* Large overwintering area which supposes a constant genetic interchange.

Distribution and habitat

This species can be found across the greater part of Eurasia and the north of Africa. Its breeding area is separated into two zones, each side of the Palearctic ecozone: the east coast of Asia and the central and northern part of Europe.[12] These birds can be found throughout the year in Central Europe and some mountain ranges in the south of the continent. They are present in the north of Scandinavia and in Russia and they over-winter in the Mediterranean basin and the area around the Black Sea. In China they breed in the Khingan Mountains of Inner Mongolia and in Jiangsu province; they spend summer in Tibet, Taiwan, the valleys of the lower Yangtse River and the south east coast.[13] The Eurasian Siskin is occasionally seen in North America.[14] There is also a similar and closely related North America counterpart, the Pine Siskin, Carduelis pinus.[7] Their seasonal distribution is also marked by the fact that they follow an anomalous migration pattern. Every few years they migrate southwards in larger numbers and the overwintering populations in the Iberian Peninsular are greatly augmented.[3][8] This event has been the object of diverse theories, one theory suggests that it occurs in the years when Norway Spruce produces abundant fruit in the centre and north of Europe, causing populations to increase. An alternative theory is that greater migration occurs when the preferred food of alder or birch seed fails. This species will form large flocks outside the breeding season, often mixed with redpolls.

It is a bird that does not remain for long in one area but which varies the areas it used for breeding, feeding, over-wintering from one year to the next.

Its habitat is forested areas at a particular altitude on a mountain side and they have a certain predilection for humid areas.[3][12] Coniferous woodland, especially Spruce, is favoured for breeding. It builds its nest in a tree, laying 2-6 eggs. The British range of this once local breeder has expanded greatly due to an increase in commercial conifer plantations. The Siskin also breeds in mixed woodland; while in winter they prefer stubble and crops and areas containing trees with seeds.

Conservation status

The worldwide population of the Siskin is estimated as between 20 and 36 million.[15] The European population is estimated as between 2.7 y 15 million pairs.[16][17] There does not seem to be a specific trend in population numbers and for this reason the IUCN has listed their conservation status as "Least Concern".[18] The Siskin appears in Annex II of the Berne Convention as a protected bird species.[19]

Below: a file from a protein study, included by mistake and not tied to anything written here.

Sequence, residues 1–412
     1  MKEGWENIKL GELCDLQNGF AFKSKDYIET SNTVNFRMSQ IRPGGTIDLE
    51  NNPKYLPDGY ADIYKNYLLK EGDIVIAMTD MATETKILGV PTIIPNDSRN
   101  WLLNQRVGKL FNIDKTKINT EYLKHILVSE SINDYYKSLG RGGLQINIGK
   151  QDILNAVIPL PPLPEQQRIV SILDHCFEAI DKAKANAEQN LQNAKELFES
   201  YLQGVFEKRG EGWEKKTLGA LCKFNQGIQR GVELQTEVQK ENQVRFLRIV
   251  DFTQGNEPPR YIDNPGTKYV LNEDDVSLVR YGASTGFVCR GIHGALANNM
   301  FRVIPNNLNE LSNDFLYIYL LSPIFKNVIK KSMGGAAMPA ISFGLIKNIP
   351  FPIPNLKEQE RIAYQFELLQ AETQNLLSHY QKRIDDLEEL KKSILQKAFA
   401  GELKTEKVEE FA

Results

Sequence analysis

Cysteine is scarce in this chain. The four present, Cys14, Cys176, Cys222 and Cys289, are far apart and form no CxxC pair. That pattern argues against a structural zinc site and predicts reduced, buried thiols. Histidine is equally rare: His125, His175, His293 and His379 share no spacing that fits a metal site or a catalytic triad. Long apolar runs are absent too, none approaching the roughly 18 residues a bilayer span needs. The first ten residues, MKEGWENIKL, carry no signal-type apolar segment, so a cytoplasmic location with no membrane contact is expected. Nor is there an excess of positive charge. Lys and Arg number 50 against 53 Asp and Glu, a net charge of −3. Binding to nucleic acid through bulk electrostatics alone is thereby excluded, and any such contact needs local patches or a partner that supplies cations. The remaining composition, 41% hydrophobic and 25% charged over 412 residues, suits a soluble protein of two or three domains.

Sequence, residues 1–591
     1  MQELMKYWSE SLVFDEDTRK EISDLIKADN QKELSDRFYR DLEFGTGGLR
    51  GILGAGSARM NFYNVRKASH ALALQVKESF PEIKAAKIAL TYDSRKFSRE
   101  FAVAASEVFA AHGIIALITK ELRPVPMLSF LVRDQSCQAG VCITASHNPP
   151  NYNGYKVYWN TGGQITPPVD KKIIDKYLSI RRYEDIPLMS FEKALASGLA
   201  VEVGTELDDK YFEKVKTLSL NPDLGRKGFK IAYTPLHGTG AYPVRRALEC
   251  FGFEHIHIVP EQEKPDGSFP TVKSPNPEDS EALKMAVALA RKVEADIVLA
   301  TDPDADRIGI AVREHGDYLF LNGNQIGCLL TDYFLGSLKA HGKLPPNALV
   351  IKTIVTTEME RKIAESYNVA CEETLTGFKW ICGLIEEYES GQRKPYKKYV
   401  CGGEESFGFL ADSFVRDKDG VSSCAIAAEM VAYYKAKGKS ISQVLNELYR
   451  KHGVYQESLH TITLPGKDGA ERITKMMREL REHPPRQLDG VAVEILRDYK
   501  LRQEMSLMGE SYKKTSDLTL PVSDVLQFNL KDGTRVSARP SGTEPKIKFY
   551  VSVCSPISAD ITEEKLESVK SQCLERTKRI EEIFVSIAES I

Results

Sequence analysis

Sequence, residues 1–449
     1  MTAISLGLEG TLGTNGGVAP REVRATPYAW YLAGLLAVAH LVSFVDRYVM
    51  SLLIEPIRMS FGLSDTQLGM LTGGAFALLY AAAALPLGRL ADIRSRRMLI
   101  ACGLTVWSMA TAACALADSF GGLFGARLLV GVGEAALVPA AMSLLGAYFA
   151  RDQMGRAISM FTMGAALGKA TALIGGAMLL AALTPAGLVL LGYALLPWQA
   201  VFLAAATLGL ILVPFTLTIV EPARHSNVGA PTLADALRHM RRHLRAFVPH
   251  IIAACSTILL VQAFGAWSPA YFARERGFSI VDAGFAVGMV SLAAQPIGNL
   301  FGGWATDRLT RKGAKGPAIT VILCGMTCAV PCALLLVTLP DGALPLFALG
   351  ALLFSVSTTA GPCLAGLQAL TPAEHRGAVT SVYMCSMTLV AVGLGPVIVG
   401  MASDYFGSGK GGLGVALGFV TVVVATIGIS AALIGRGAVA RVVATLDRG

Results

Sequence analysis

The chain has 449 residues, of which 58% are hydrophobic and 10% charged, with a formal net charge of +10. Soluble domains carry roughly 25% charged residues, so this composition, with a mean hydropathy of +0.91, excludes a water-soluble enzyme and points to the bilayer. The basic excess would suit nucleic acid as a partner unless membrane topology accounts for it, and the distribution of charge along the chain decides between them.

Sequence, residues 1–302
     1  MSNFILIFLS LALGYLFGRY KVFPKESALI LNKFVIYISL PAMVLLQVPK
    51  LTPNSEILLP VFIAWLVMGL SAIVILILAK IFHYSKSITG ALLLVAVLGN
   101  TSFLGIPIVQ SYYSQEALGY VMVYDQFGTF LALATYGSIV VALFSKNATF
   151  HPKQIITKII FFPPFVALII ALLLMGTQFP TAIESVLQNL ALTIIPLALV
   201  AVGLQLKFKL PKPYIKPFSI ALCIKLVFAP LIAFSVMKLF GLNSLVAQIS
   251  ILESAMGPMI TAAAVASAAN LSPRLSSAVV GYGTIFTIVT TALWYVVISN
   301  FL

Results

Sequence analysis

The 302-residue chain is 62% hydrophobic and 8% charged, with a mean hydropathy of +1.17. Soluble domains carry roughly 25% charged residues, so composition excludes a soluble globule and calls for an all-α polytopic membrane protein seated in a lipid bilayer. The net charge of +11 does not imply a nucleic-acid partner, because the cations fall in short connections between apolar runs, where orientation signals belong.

They are very active and restless birds. They are also very social, forming small cohesive flocks especially in autumn and winter.[20] They are fairly trusting of humans, it being possible to observe them from a short distance. During the breeding season, however, they are much more timid, solitary and difficult to observe. For this reason there is a German legend which says that Siskins guard a magic stone in their nests that makes them invisible.[21][22] It is one of the few species which has been described as exhibiting "allofeeding" behavior, this is where subordinates (of the same sex) regurgitate food for the dominant members of the group,[23] which creates a strong cohesion in the flocks and implies a hierarchical structure within the group.[24]


The Siskin is mainly a granivore although it varies its diet depending on the season. It feeds in trees avoiding eating on the ground.[6]

In autumn and winter its diet is based on the seeds of deciduous trees such as birch and above all alder.[3][8] They also visit cultivated areas and pasture where they join with other finches in eating the seeds of various Compositae such as thistles, dandelions, artemisias, knapweeds and other herbaceous plants such as St John's wort, meadowsweet and sorrel.[5][8]

In spring, during the breeding season, they are found in coniferous forests. At this time their feeding is based on the seeds of these trees, especially on trees belonging to the genera Abies, Picea and Larix.[8][25] They also feed on elms and poplars. When feeding the young they eat more insects, mainly beetles, as the proteins they contain help the chicks to grow.[25] In summer their feeding is more varied, adding other herbaceous plants to their diet of conifer seeds: goosefoots and other Compositae.[25]